Mario Kart should be a game series that needs no introduction. From the early days of Super Mario Kart to the online chaos of Mario Kart Wii and Mario Kart 7, this series has been one of Nintendo’s strongest multiplayer franchises. By many standards, Mario Kart 8 on the Wii U was the definitive entry into this series, providing a diverse number of courses and online gameplay options.
To this day, I’ve dumped around 200 hours into the Wii U version of Mario Kart 8. It’s just that fun to play. Mario Kart 8 Deluxe, the enhanced port of the game to the Nintendo Switch, manages to make me fall in love all over again.
This isn’t because Mario Kart 8 Deluxe makes any grand improvements to the game. This release is largely identical to the Wii U version of the game, except for a few changes that I’ll get into later. Instead, it’s because of the Nintendo Switch itself. We’re getting to take a full-fledged, console level Mario Kart game on the go! I’ve had a blast pulling out my Switch on the bus for some solo play, or with some friends to play multiplayer with the Switch’s tabletop format.
Race with the Best
For those who never played Mario Kart 8 on the Wii U, this game is a pretty standard Mario Kart title. You race in matches with 11 other racers and collect a variety of items along the way to help you nab the coveted first place spot. What put Mario Kart 8 on a pedestal is just how dang polished it is. Even 3 years after it was originally released, the polish still makes it shine. Mario Kart 8 is a beautiful game. The environments and character models are colorful and filled with personality. Everything is looking especially good now that the game has been upgraded to 1080p, an improvement over the original’s 720p resolution.
The gameplay is no less polished than the visuals. Racing in this game is fluid, and driving feels snappy and responsive, especially in the game’s 150cc mode. Deluxe also includes the free DLC mode that was added to Mario Kart 8: 200cc, which gives the game a much needed difficulty due to the blazing fast speed.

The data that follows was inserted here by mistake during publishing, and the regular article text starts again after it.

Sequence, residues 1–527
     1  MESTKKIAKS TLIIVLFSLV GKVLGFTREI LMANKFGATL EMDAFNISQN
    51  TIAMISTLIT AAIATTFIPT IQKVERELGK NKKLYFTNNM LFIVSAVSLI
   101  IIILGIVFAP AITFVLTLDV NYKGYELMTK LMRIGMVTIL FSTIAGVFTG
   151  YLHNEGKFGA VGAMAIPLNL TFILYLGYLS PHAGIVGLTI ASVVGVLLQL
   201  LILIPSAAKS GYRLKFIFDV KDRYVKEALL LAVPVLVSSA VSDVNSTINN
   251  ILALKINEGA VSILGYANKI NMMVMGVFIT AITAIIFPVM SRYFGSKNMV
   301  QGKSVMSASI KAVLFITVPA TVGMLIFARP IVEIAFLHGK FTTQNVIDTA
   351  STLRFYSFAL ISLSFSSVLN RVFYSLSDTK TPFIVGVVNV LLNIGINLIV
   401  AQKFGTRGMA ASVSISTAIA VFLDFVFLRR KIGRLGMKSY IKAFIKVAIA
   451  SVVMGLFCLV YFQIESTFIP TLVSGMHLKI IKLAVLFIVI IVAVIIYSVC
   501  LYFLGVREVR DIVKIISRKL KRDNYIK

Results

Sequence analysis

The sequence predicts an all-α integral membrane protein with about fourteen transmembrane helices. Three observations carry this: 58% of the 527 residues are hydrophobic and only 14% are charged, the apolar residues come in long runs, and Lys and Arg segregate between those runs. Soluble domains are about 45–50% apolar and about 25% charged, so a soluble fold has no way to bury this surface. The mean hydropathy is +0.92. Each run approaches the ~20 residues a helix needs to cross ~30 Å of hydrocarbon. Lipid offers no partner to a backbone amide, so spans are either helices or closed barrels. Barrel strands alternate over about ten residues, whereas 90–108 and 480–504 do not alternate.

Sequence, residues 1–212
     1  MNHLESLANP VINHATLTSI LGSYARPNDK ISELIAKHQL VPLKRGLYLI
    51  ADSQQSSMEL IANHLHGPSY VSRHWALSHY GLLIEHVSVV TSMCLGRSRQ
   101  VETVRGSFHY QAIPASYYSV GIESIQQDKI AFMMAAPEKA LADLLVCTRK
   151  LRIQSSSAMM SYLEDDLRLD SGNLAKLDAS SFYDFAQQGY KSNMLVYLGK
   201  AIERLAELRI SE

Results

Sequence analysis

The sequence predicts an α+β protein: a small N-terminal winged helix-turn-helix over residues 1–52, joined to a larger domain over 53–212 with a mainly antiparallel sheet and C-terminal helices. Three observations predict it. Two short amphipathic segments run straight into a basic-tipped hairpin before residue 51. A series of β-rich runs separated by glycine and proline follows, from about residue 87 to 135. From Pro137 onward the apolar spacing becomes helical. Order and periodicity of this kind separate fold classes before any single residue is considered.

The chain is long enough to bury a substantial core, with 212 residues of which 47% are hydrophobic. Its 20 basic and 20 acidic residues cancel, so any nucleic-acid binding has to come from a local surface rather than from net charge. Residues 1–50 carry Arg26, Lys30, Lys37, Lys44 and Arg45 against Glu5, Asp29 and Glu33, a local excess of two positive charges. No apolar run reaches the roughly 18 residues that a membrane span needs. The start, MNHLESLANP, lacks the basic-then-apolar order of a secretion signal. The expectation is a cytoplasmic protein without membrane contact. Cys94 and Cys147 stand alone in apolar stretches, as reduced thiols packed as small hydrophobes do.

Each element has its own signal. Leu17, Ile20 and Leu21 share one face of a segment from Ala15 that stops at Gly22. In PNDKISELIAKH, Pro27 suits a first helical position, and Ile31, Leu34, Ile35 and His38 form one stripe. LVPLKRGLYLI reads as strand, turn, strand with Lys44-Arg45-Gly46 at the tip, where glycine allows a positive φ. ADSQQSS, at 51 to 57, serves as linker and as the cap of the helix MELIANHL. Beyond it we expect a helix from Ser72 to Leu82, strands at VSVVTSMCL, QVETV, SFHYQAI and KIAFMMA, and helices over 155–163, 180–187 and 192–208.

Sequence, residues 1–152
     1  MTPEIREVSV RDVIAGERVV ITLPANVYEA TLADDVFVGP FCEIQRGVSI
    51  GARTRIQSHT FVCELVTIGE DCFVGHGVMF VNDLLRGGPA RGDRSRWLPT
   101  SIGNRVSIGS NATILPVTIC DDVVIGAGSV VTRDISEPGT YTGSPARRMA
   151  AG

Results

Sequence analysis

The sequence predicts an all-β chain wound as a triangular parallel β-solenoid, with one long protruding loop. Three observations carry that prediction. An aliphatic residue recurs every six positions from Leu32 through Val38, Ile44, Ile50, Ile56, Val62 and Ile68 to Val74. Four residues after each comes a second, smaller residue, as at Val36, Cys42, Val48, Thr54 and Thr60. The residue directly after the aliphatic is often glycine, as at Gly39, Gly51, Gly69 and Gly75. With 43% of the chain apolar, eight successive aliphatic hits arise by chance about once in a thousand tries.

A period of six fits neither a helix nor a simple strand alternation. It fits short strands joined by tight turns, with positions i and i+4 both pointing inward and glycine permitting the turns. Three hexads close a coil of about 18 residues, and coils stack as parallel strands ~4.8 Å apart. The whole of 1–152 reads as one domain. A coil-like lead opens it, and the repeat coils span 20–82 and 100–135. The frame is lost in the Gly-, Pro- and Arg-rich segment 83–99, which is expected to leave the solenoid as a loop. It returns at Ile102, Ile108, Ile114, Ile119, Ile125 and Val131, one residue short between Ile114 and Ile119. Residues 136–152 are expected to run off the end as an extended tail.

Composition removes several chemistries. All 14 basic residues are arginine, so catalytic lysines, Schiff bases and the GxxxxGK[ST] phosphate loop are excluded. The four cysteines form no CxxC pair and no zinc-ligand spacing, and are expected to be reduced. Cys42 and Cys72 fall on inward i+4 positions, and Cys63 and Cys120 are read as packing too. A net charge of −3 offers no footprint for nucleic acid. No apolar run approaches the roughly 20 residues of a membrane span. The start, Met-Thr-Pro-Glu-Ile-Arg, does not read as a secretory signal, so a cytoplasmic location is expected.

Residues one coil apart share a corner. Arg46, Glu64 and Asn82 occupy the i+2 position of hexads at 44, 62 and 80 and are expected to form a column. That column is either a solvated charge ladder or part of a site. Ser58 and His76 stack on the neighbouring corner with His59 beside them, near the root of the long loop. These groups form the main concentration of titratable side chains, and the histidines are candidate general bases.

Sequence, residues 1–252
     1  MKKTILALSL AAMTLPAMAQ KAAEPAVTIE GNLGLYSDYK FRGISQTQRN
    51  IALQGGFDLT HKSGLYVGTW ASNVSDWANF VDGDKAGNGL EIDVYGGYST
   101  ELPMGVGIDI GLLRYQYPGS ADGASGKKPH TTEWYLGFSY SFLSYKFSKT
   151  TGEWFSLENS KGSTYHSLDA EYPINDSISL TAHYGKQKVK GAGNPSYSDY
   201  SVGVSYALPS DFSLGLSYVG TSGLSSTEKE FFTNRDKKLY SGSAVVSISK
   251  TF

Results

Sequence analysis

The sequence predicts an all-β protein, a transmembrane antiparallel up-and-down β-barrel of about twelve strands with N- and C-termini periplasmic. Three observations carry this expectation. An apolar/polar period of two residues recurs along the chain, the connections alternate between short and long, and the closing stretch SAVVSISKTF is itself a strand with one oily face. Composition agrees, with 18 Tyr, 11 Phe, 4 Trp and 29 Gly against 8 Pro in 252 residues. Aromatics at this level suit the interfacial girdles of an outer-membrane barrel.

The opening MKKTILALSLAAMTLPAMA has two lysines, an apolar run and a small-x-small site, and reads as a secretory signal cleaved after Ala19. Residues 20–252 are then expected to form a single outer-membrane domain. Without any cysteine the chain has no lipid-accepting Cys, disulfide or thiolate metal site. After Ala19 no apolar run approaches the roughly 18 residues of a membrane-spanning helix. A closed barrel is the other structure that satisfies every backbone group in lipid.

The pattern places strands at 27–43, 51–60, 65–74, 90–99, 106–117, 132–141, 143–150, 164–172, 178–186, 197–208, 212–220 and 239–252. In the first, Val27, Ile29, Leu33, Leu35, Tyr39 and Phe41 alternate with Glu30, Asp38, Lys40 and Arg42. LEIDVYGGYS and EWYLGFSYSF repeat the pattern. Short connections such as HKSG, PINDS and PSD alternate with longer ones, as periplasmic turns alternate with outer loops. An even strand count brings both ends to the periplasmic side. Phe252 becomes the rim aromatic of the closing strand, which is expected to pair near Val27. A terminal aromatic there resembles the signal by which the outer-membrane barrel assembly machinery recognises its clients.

One of the biggest issues with Mario Kart 8 on the Wii U was its nigh unplayable Battle Mode. It was a huge disappointment, especially when compared to the robust Battle Mode of Mario Kart 7 on the 3DS. Mario Kart 8 Deluxe turns this around completely, rebooting it to the point where it is the best iteration of Battle Mode yet. You can play classic modes such as Balloon Battle and Shine Thief, along with new modes such as the insanely fun Renegade Roundup.
Aside from what I’ve mentioned above, another gameplay change is probably the addition of a third level of drift boosts: the pink sparks. This level requires very long drifts, and is thus hard to attain, but very rewarding if you can pull it off. The addition is most likely due to the removal of the “flame hopping” technique from the original Mario Kart 8, which most people classified as an exploit and not a proper technique. Additionally, you can now hold two items, making item management feel closer to the previous Mario Kart games, which is a good thing. All in all, these are not massive changes, but they do make racing feel slightly different.
Earning the “Deluxe”
Aside from including the 16 DLC tracks and 6 DLC characters, Mario Kart 8 Deluxe also includes 5 additional new characters and two new returning items: the Boo, which lets you steal items from other racers, and the feather, which lets you perform a large hop and gives you a nice boost. They’re not huge changes, but they’re appreciated if you’re a returning player like myself.
Mario Kart 8 Deluxe is a fantastic example of a well done re-release/port. It doesn’t pretend that it’s a new game, but at the same time, it makes just enough refinements and additions to make it worth it for a returning racer. If you’re a Nintendo Switch owner who also owns Mario Kart 8 on the Wii U, and you’re itching to get your race on, I would suggest upgrading to this version of the game. It doesn’t solve every problem that was in Mario Kart 8, or in the Mario Kart series as a whole, but it doesn’t have to. It is still a fantastic time sink and yet another wonderful showcase of the Nintendo Switch.
- A plethora of race tracks, modes, racers and kart parts to pick from.
- This game has the most refined and fully realized Mario Kart gameplay yet.
- The Switch’s portability makes it the best multiplayer game on the system yet.
- The revamped Battle Mode is a blast.
- The game is still as visually gorgeous as ever, both docked and in handheld mode.
- The wealth of online options is as great as ever.
- The randomness of items is sometimes way too punishing towards players that are actually doing well in a race, and can get really, really frustrating in the main competitive online mode.
- No voice chat, which is a downgrade from the original version. Nintendo has promised voice chat with the launch of its online service, but at this time there is none.
- The removal of the ability to share race highlights to YouTube is stupid, and basically makes the Mario Kart TV feature totally useless. It’s especially painful in the context of Nintendo’s controversial YouTube policies.